|John Kani, Winston Ntshona.|
A two-man drama “devised” as a collaborative effort by South Africa’s greatest playwright, Athol Fugard, and two Black countrymen of his, John Kani and Winston Ntshona, with the latter pair’s improvisations used as the basis of plot and dialogue. It played in repertory with The Island, a similarly created work. Both plays came to Broadway after a successful stay at London’s Royal Court Theatre.
These were political plays reflective of the crushing agony endured by millions of South African Blacks under the burden of apartheid. The creators were all members of a Port Elizabeth drama troupe, the Serpent Players, founded in 1961.
A gripping, if slow moving, 45-minute monologue spoken by Styles (Kani) opens the work, as he comments, in a seeming improvisation, on newspaper headlines and recounts the story of how he had progressed from a Ford motor plant assembly line to an entrepreneur with his own little photography studio in Port Elizabeth. Part of the monologue requires participation from several audience members. Styles is interrupted by the arrival of a customer, Sizwe Banzi (Ntshona), a Black man from a small country town, who has come to the city to find work so he can support his family back home.
At first Sizwe says he wants a photo to send to his wife and children. As the play progresses, we learn via flashback that his need for the photo is for another reason. Having realized that his identification passbook contains a stamp making his continued presence in Port Elizabeth illegal, he conspires with a friend, Buntu (Kani, again), to steal the passbook of a dead man they have come across and to assume his identity and job. Sizwe wants Styles to take a photo that he can place in the dead man’s passbook.
Though the play took some time to get going, it gradually grew more and more involving, “and the sheer dramatic force of the piece bounced around the theatre like angry thunderbolts of pain,” declared Clive Barnes. There were very strong encouragements voiced for the incisive indictment of South Africa’s inhumane policies whereby a man is reduced to no more than a number and a passbook, yet where men like Styles and Sizwe Banzi continue to uphold the principles of human pride and dignity.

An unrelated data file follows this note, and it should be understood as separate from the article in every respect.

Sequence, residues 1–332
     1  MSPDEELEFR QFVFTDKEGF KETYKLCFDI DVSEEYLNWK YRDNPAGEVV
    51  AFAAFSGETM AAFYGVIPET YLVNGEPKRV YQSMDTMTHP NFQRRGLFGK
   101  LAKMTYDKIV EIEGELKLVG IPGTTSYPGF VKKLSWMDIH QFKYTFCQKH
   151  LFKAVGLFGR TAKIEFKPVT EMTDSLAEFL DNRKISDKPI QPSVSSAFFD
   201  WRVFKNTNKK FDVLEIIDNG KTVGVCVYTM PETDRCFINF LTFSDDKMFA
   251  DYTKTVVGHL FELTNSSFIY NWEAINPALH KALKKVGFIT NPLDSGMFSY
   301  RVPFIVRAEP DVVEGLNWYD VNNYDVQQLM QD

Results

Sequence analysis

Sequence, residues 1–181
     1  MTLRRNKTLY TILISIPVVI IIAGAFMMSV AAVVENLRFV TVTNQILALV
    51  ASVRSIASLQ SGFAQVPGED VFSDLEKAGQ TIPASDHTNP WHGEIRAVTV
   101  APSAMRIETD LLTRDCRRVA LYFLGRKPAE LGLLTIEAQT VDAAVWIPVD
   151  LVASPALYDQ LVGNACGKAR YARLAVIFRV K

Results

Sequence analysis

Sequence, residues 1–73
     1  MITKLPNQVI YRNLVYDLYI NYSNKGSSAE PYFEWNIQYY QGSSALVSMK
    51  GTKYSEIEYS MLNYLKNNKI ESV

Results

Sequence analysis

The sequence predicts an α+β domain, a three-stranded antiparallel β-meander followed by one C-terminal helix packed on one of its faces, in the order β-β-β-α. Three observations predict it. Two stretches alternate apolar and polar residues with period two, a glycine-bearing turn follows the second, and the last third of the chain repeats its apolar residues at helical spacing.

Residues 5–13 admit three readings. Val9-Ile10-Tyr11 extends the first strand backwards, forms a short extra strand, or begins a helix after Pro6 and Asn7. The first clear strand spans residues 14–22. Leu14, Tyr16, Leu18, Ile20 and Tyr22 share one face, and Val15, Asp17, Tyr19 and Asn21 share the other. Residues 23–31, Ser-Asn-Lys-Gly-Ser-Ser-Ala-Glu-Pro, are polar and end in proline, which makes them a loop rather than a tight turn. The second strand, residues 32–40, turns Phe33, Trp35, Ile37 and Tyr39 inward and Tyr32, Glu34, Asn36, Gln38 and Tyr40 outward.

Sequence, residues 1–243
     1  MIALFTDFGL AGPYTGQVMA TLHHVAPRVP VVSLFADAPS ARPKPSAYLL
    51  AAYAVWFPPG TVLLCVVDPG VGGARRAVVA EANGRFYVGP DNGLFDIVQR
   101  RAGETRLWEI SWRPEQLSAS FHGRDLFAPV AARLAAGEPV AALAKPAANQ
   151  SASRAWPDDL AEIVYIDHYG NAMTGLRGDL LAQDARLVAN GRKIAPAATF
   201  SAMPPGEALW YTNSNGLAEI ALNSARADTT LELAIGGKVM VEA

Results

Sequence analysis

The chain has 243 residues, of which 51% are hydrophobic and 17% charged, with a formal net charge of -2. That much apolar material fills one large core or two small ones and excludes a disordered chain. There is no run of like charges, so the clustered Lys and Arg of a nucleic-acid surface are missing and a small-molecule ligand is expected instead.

Both Kani and Ntshona received accolades for their full-bodied portrayals; they even shared the Tony for Best Actor, Play (for both this play and The Island). Here is Harold Clurman on their contributions:
The acting is the word become flesh; we are hardly able to differentiate between text and performances. John Kani, in both instances, plays the ‘leader,” the more knowledgeably articulate one; Winston Ntshona the more naively puzzled one. Kani is all driving impulse, which might render him breathless if he were not propelled by extraordinary energy. . . . The effect of his passion is joyful. It inspires confidence, not only in but in mankind itself.
Ntshona is charming in his confusion; though he must struggle to understand, we are sure that his instincts will lead to the right action. Technically he is more of a character actor than Kani, but his characterizations spring spontaneously from his inner being, so his effects are as natural as Kani’s. Both these men have acted together since their boyhood. They are now more than a term; together they have become emblematic of a people. Such acting carries primitive force; it is clear, sharp, seemingly free of any “aesthetic” premeditation.
The play itself was Tony nominated, as was Fugard for Best Director, Play (including The Island).